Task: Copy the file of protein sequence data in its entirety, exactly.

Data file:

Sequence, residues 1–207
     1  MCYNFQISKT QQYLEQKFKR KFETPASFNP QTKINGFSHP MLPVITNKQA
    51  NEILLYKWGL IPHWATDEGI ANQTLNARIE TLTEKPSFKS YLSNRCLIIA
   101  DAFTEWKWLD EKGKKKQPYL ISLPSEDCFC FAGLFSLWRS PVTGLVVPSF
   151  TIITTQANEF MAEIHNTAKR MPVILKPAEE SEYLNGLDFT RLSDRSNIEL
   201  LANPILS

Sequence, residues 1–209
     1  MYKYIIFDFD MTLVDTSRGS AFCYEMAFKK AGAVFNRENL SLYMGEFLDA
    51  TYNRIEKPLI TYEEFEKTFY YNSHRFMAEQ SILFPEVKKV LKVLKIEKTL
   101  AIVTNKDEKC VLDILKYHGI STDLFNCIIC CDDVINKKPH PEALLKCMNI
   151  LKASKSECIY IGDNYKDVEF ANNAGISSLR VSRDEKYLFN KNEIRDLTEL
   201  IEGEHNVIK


Sequence, residues 1–207
     1  MCYNFQISKT QQYLEQKFKR KFETPASFNP QTKINGFSHP MLPVITNKQA
    51  NEILLYKWGL IPHWATDEGI ANQTLNARIE TLTEKPSFKS YLSNRCLIIA
   101  DAFTEWKWLD EKGKKKQPYL ISLPSEDCFC FAGLFSLWRS PVTGLVVPSF
   151  TIITTQANEF MAEIHNTAKR MPVILKPAEE SEYLNGLDFT RLSDRSNIEL
   201  LANPILS

Sequence, residues 1–209
     1  MYKYIIFDFD MTLVDTSRGS AFCYEMAFKK AGAVFNRENL SLYMGEFLDA
    51  TYNRIEKPLI TYEEFEKTFY YNSHRFMAEQ SILFPEVKKV LKVLKIEKTL
   101  AIVTNKDEKC VLDILKYHGI STDLFNCIIC CDDVINKKPH PEALLKCMNI
   151  LKASKSECIY IGDNYKDVEF ANNAGISSLR VSRDEKYLFN KNEIRDLTEL
   201  IEGEHNVIK